SBDC gives form to dreams at CCC


Cecilia "Ceci" Findley (left) learned from Small Business Development Center Director Diana White the next steps she has to take to start her small business in Flagstaff.



FLAGSTAFF, Ariz. - The concept part was easy, said Flagstaff resident Cecilia “Ceci” Findley.


She envisioned that her “Beauty Enhancing Studio” would have a row of cosmetology stations. The studio would have an art gallery for artists to display their latest work. It would also have a photo studio for photographers to rent for shooting gigs. The entire space would be “musically enhanced” with live music. The endeavor would most certainly be collaborative. Growing up, Findley wasn’t comfortable with limitations and labels put on creativity.


How would she turn her concept into a business?


Findley enrolled in Coconino County Community Services’ Basic Business Empowerment training taught through the Small Business Development Center at Coconino Community College. She and nine other classmates graduated in late July with a business plan and a hefty start on how to proceed.


“I was at a fork in the road,” Findley said, adding that she left her job with two overriding questions. “What do I want to do for me? What will make me happy?”


Her husband Joseph had taken the county’s business class and put her in contact with facilitator Diana White, Director of the SBDC at CCC. White suggested the class to help her “better learn what that ‘happy’ was.”


“The Basic Business Empowerment program was started 12 years ago by the Coconino County Community Services Department,” said Norma Gallegos, Interim Director of Community Services. “In that time, more than 200 county residents have taken the class to realize their dream of starting a new business.”


“We’re very proud of the program,” Gallegos said, adding that empowering families in starting a small business helps them and our community.


All students in the class must register with the BBE program. After they finish the training, the students, called “team members,” can decide if they want to be SBDC clients, White added. About 50 percent of the students, like Findley, decide to do so. The class lasts 12 weeks and has a cap of 12 students, but White said that cap will be raised to 15 in the next cycle.


The training is $125, which White said allows for “buy-in” from the team members, and if the team members are low to moderate income, they can qualify for 50 percent off the cost of the training. The program itself is supported with a federal Community Services Block grant, Gallegos added.


The county hosts the classes at its Health and Community Services building, but contracts with CCC’s SBDC for the added resources it brings. Some clients, once they have a business plan and some funding in place, may choose to further grow their businesses through the Northern Arizona Center for Entrepreneurship and Technology, or they may wish to strike out in a space they select on their own – like Findley plans to.


Findley said, “She (White) made everything so relatable.”


She added that White made the business concepts accessible and helped her overcome her fear that her dream wouldn’t be achievable by pushing Findley out of her comfort zone.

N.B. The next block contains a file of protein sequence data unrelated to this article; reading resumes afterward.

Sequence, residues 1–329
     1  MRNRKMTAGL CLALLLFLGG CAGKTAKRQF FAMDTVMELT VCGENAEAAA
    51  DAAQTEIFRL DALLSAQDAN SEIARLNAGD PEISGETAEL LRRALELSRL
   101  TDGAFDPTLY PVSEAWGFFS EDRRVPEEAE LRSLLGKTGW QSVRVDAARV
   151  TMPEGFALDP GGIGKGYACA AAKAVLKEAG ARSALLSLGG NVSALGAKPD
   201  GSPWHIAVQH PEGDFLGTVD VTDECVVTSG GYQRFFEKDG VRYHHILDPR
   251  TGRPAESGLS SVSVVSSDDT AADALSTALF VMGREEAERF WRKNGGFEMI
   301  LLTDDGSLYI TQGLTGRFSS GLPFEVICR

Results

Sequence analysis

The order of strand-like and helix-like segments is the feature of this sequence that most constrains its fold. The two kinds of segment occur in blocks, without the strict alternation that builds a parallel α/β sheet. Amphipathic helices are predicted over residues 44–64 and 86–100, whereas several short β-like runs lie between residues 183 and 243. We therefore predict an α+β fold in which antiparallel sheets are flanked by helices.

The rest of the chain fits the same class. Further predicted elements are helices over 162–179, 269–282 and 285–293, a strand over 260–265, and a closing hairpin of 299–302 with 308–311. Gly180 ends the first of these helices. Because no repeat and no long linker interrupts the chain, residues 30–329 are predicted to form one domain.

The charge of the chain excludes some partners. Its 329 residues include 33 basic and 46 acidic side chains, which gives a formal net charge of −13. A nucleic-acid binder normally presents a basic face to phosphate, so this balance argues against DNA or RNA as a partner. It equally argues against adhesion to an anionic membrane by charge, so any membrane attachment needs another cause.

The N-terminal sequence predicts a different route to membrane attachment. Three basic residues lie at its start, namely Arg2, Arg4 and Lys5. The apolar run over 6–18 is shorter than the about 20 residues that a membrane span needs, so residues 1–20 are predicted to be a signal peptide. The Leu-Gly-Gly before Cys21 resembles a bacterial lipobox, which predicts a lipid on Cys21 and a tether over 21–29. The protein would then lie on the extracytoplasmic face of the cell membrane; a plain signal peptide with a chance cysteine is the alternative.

“The more you get out of your comfort zone and face those fears, you’re not afraid anymore,” Findley said.


She also said that her next step is to complete her business plan, make connections, start networking and get her concept out to the world. She will also need to figure out funding sources to help get her business off the ground, and she’s crafted the “elevator pitch” (a short summary of the business) to entice possible investors and clients to her side.


The motto she’s learned, let the potential investors “get to know, get to like, get to trust” you.


Gallegos said that the county also has a program, called Individual Development Accounts, that helps people wanting to save money for a business start-up. Community banks and foundation grants provide the match incentive to turn up to $2,000 of earned income saved by the participant into a total of $6,000 of business assistance, Gallegos said.


Findley said biggest takeaway from the class was the patience to understand the finances of running a small business. Without that, she wouldn’t have had the foundation to know where she was going. In the class, she learned to break down individual items and evaluate costs for income. For instance, she learned how to measure how many clients would be served by a one-liter bottle of shampoo. It gets that specific.


White said the main thrust of the class is to create a “credibility on paper” that potential investors must see if they are to support a business venture.


Does White have any doubts as to whether Findley will make it? None at all, she said. Findley is determined and passionate.


“And that is why she’s going to be successful,” White added and smiled.


Findley said of the class, “It was definitely life changing. It helps you realize the potential is possible.”


The next cycle of Basic Business Empowerment classes begins Sept. 4. People who want to participate may do so through the Coconino County website at



Thursday, 23rd August 2018

All Dates

  • Thursday, 23rd August 2018